Google Scholar 

  9. Wu HM, Cordeiro SM, Harcourt BH, et al.: Accuracy of real-time PCR, Gram stain and culture for Streptococcus pneumoniae , Neisseria meningitidis and Haemophilus influenzae meningitis diagnosis. BMC Infect Dis 2013, 13: 26. doi:10.1186/1471–2334–13–26

    Article  PubMed Central  CAS  PubMed  Google Scholar 

  10. Rafiei Tabatabaei S, Afjeiee SA, Fallah F, Tahami Zanjani N, Shiva F, Tavakkoly Fard A, Shamshiri AR, Karimi A: The use of polymerase chain reaction assay versus cell culture in detecting neonatal chlamydial conjunctivitis. Arch Iran Med 2012, 15: 171–175.

    PubMed  Google Scholar 

  11. El-Gamal AH, Al-Otaibi SR, Alshamali A, Abdulrazzaq A, Najem N, Fouzan AA: Polymerase chain reaction is no better than Gram stain for diagnosis of gonococcal urethritis. Indian J Dermatol Venereol Leprol 2009, 75: 101.

    Article  PubMed  Google Scholar 

  12. Abbott J: Clinical and microscopic diagnosis of vaginal yeast infection: a prospective analysis. Ann Emerg Med 1995, 25: 587–591.

    Article  CAS  PubMed  Google Scholar 

  13. Baron EJ, Thomson RB Jr: Specimen collection, transport and processing: bacteriology. In Manual of clinical microbiology, vol 1. 10th edition. Edited by: Versalovic J, Carroll KC, Jorgensen JH, Funke G, Landry ML, Warnock DW. Washington DC: ASM; 2011:242.

    Google Scholar 

  14. Hingorani M, Metz D, Lightman SL: Characterisation of the normal conjunctival leukocyte population. Exp Eye Res 1997, 64: 905–912.

    Article  CAS  PubMed  Google Scholar 

  15. Batellier L, Liotet S: Comparative cytological study of conjunctival secretions and smears. J Fr Ophtalmol 1985, 8: 653–657.

    CAS  PubMed  Google Scholar 

  16. Weiss A, Brinser JH, Nazar-Stewart V: Acute conjunctivitis in childhood. J Pediatr 1993, 122: 10–14.

    Article  CAS  PubMed  Google Scholar 

  17. MacDonald N, Mailman T, Desai S: Gonococcal infections in newborns and in adolescents. Adv Exp Med Biol 2008, 609: 108–130.

    Article  PubMed  Google Scholar 

  18. Foster A, Klauss V: Ophthalmia neonatorum in developing countries. N Engl J Med 1995, 332: 600–601.

    Article  CAS  PubMed  Google Scholar 

  19. Isenberg SJ, Apt L, Wood M: The influence of perinatal infective factors on ophthalmia neonatorum. J Pediatr Ophthalmol Strabismus 1996, 33: 185–188.

    CAS  PubMed  Google Scholar 

  20. Laga M, Nzanze H, Brunham RC, Ndinya-Achola JO, Maitha G, Ronald AR, D'Costa LJ, Bhullar VB, et al.: Epidemiology of ophthalmia neonatorum in Kenya. Lancet 1986, 328: 114–119.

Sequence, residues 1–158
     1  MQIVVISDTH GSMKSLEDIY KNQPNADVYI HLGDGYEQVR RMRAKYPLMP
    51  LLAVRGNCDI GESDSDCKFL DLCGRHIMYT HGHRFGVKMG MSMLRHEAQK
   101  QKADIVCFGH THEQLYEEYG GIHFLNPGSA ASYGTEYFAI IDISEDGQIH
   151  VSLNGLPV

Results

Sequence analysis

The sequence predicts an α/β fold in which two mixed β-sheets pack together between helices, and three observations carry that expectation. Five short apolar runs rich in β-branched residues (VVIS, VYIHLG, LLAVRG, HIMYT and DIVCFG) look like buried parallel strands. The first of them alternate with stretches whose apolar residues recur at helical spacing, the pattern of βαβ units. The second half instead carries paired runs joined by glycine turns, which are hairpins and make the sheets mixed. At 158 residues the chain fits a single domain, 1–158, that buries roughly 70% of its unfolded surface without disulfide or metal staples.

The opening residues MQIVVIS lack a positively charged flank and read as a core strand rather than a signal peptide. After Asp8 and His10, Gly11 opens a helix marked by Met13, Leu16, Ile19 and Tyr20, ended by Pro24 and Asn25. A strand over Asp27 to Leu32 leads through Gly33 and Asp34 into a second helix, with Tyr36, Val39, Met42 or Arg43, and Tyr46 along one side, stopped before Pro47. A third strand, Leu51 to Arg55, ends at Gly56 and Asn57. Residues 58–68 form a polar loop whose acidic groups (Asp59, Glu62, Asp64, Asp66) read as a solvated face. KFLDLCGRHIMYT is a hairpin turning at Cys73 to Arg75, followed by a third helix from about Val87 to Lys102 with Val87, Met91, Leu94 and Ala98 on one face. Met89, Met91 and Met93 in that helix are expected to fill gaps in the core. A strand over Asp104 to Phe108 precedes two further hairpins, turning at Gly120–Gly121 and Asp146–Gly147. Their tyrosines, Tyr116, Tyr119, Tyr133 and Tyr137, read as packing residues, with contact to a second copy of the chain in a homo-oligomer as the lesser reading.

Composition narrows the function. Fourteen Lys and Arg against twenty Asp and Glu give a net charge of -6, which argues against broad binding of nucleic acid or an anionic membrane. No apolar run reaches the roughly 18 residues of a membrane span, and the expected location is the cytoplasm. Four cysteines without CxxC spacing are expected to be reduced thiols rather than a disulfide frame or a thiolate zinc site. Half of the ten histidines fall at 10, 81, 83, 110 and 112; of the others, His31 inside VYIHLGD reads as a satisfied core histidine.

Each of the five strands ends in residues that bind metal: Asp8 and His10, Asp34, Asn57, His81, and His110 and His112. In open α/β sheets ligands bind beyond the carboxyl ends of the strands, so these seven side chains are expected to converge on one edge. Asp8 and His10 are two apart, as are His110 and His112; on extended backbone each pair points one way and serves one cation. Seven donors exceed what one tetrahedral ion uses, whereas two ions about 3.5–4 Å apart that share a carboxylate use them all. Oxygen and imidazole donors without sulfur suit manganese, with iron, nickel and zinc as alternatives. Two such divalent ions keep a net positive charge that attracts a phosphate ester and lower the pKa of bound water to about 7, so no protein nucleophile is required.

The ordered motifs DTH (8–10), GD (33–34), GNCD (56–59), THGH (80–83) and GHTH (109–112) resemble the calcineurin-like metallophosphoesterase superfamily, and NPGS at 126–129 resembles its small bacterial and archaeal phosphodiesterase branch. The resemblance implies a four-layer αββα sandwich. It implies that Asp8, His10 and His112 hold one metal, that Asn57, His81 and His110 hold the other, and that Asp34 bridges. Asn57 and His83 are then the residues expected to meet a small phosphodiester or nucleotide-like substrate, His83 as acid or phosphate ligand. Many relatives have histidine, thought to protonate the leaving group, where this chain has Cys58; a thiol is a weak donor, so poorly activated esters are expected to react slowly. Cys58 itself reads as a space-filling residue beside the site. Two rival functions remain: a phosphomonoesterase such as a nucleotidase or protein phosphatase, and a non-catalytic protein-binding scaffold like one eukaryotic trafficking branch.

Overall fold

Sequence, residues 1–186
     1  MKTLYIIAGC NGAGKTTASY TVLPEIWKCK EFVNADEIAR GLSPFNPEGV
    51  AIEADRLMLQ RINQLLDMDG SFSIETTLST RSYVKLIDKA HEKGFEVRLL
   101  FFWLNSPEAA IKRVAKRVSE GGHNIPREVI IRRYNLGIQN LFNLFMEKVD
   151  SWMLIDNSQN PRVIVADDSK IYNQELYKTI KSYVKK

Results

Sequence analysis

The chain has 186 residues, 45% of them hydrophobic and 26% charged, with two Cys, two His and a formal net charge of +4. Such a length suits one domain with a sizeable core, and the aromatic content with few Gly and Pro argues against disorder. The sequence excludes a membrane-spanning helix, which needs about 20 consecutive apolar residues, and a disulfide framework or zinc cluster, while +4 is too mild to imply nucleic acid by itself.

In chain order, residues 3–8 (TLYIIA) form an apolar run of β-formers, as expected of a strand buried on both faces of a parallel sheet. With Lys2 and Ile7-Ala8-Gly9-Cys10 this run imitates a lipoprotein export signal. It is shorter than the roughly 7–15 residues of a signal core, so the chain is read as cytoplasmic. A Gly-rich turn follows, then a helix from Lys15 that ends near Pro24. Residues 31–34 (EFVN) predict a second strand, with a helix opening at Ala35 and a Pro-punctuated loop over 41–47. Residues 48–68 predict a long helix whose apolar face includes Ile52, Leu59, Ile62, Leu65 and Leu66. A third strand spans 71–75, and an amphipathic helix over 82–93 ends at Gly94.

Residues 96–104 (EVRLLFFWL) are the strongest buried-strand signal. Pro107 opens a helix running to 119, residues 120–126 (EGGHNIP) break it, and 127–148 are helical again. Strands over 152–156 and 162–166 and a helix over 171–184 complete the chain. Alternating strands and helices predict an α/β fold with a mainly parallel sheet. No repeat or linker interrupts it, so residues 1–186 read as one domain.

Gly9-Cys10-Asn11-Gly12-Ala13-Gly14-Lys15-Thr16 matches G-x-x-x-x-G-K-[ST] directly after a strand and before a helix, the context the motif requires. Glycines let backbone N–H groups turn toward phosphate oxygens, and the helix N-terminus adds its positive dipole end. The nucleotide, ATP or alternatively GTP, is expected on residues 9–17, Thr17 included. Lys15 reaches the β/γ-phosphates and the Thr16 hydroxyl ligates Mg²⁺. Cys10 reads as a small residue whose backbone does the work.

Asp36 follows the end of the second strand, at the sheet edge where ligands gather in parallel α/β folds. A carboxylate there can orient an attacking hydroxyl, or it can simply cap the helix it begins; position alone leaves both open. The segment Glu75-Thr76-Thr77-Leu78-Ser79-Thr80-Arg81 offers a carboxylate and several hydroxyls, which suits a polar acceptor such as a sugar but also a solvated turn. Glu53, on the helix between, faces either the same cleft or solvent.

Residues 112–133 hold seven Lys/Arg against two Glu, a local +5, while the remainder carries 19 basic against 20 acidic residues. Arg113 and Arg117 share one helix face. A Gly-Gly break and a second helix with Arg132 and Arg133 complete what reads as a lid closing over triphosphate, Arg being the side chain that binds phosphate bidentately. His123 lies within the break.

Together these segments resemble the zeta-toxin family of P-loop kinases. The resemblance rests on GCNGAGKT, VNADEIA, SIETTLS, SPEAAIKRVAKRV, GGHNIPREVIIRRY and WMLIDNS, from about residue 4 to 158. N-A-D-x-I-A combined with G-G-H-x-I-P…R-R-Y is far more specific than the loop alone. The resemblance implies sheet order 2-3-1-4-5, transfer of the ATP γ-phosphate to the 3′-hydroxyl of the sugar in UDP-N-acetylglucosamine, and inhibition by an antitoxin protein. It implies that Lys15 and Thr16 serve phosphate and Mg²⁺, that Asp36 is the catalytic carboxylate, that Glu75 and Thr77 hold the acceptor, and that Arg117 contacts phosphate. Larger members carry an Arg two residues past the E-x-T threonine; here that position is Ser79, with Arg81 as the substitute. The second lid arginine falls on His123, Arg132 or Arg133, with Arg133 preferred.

Article  Google Scholar 

  21. Ayena KD, Amedome KM, Diallo JW, Dzidzinyo KB, Azoumah KD, Aboubakari AS, Salou M, Koffi SK, Tchassi N, Balo KP: What remains today of neonatal conjunctivitis in prefecture of Kozah in Togo? J Fr Ophtalmol 2012, 35: 432–436.

    Article  CAS  PubMed  Google Scholar 

  22. Wadhwani M, D’souza P, Jain R, Dutta R, Saili A, Singh A: Conjunctivitis in the newborn - a comparative study. Indian J Pathol Microbiol 2011, 54: 254–257.

    Article  PubMed  Google Scholar 

Download references


The authors would express their gratitude to Alda Rola, Alcina Copitule, and Walter Diogo Brás, ophthalmologists of the IONA (Instituto Oftalmologico Nacional de Angola), Luanda, Angola, for their contribution in the acquisition of data. We would also like to thank the Spanish Agency for International Cooperation and Development (AECID) of the Foreign Office Ministry for funding the project and the Ministry of Health of Angola for its cooperation.

Author information

Authors and Affiliations


Corresponding author

Correspondence to J Carlos Pastor.

Additional information

Competing interests

The authors declare that they have no competing interests.

Authors' contributions

IA carried out the preparation in Luanda including obtaining the ethical approval, organized the ophthalmologist team in Luanda, examined the newborns, took the smear samples, and drafted the manuscript. NC contributed in training the involved personnel in Luanda, took the samples, and revised the manuscript. MJ made the microbiological examinations and drafted the manuscript. IF participated in the design of the study and performed the statistical analysis. ROL made the microbiological examinations, organized the technicians in performing the staining, and drafted the manuscript. JCP conceived of the study, participated in its design and coordination, and helped draft the manuscript. All authors read and approved the final manuscript.

Rights and permissions

Open Access This article is distributed under the terms of the Creative Commons Attribution 2.0 International License ( ), which permits unrestricted use, distribution, and reproduction in any medium, provided the original work is properly cited.

Reprints and permissions

About this article

Cite this article

Alexandre, I., Cortes, N., Justel, M. et al. The value of simple microbiological studies for on-site screening of acute neonatal conjunctivitis in Angola. J Ophthal Inflamm Infect 4, 1 (2014).

Download citation

  • Received:

  • Accepted:

  • Published:

  • DOI: